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Measures Positive Pulse

Trigger Level 30% Above Trigger Level 100%

Measures Negative Pulse

Trigger Level 70% Below Trigger Level 100%

est28.eps

Figure 25. Duty Cycle Measurements

42

True-rms Digital Multimeters Making Measurements


To measure duty cycle, position the rotary switch on one of the functions allowing frequency measurements shown in Figure 23. Press the softkey labeled Menu and move the menu selector to the menu item labeled Hz,%,ms. Next press the softkey labeled %.
8:10pm
123.45 VAC

volts or amps value of the input signal. The bar graph tracks the volts or amps value of the signal and not the duty cycle value. The pulse polarity is displayed to the right of the duty cycle value. J indicates a positive pulse and K indicates a negative pulse. To change the polarity being measured, press the softkey labeled J K. The polarity indicator changes to the opposite polarity. For 5 V logic signals, use the 5 V dc range. For 12 V switching signals in automobiles, use the 50 V dc range. For sine waves, use the lowest ac or dc range that does not result in multiple triggering. A manually-selected lower input range will often measure better than the AUTO-selected input range.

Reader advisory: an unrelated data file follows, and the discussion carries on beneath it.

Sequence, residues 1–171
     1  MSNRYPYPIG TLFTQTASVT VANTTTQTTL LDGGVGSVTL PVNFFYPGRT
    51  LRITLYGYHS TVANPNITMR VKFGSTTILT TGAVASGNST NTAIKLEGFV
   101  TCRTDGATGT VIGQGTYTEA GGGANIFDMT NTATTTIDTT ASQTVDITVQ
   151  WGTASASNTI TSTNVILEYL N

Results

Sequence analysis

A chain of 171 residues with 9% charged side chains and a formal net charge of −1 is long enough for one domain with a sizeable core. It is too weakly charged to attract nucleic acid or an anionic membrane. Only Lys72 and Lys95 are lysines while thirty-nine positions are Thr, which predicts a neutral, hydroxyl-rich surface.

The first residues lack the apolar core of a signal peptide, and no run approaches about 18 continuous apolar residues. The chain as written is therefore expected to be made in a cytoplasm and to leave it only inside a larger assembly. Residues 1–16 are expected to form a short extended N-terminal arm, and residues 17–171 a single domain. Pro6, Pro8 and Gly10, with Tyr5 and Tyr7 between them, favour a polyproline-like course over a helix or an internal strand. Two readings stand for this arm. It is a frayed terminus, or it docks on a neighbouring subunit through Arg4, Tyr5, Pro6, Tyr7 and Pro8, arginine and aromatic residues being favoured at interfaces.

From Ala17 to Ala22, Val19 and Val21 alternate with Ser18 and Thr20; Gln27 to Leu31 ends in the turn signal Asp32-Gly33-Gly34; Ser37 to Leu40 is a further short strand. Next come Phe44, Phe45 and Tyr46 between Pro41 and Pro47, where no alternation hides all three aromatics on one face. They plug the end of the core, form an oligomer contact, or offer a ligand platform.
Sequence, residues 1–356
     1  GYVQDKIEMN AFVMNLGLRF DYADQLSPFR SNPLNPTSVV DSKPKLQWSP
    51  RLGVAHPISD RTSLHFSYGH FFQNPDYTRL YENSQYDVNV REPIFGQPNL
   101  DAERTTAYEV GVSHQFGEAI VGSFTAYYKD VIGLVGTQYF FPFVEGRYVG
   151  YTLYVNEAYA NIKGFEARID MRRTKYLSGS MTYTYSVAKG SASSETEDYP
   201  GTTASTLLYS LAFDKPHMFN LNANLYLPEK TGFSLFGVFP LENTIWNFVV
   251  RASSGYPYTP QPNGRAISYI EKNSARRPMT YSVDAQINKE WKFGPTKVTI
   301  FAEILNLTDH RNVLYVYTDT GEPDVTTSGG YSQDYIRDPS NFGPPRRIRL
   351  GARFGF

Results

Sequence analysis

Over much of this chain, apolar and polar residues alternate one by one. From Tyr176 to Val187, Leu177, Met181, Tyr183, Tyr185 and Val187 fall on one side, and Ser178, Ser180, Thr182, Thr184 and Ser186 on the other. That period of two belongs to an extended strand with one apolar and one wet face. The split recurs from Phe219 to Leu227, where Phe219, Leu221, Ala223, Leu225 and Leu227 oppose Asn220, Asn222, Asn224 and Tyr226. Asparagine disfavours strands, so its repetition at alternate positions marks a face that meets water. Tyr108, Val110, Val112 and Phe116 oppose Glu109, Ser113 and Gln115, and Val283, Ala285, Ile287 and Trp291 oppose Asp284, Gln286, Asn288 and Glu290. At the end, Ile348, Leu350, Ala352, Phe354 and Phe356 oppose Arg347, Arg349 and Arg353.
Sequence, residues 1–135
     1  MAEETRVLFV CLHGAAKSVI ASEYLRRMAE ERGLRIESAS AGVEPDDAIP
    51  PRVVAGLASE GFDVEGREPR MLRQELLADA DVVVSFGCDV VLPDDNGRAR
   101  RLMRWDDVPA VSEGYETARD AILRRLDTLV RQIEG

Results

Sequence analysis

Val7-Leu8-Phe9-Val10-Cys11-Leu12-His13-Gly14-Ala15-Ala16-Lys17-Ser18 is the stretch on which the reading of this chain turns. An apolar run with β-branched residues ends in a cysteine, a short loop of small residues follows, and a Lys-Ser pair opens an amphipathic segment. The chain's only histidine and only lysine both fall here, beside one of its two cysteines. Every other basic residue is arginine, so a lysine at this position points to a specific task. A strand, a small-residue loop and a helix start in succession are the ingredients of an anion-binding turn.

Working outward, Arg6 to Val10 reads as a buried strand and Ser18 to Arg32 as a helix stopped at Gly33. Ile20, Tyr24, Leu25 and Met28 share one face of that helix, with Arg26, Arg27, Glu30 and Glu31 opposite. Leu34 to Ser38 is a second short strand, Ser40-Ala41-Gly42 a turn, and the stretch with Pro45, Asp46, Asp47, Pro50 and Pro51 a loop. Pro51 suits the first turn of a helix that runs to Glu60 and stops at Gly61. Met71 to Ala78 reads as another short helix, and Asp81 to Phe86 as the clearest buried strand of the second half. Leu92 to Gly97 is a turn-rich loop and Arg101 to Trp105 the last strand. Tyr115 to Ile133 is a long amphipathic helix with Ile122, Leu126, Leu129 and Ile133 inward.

06/13/07

49.75
0 100 200 300 400

Duty Cycle
Auto Range 500 VAC

Measuring Pulse Width


The pulse width function measures the amount of time a signal is high or low, as shown in Figure 27. The measured waveform must be periodic; its pattern must repeat at equal time intervals. The meter measures pulse width from 0.025 ms to 1250.0 ms ranges.
est24.eps

59.756 Hz
Menu Save Setup
Figure 26. Duty Cycle Display
As shown in Figure 26, the duty cycle percentage is shown in the primary display while the signal frequency appears in the secondary display. The mini-measurement display indicates the

To measure pulse width, position the rotary switch to one of the functions allowing frequency measurements shown in Figure 23. Press the softkey labeled Menu and move the menu selector to the menu item labeled Hz,%,ms. Next, press the softkey labeled ms.

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Measure Positive Pulse Width

Trigger Level Pulse Width 1 Period = Frequency

Measure Negative Pulse Width

Trigger Level

Pulse Width Period


est27.eps

Figure 27. Pulse Width Measurements

44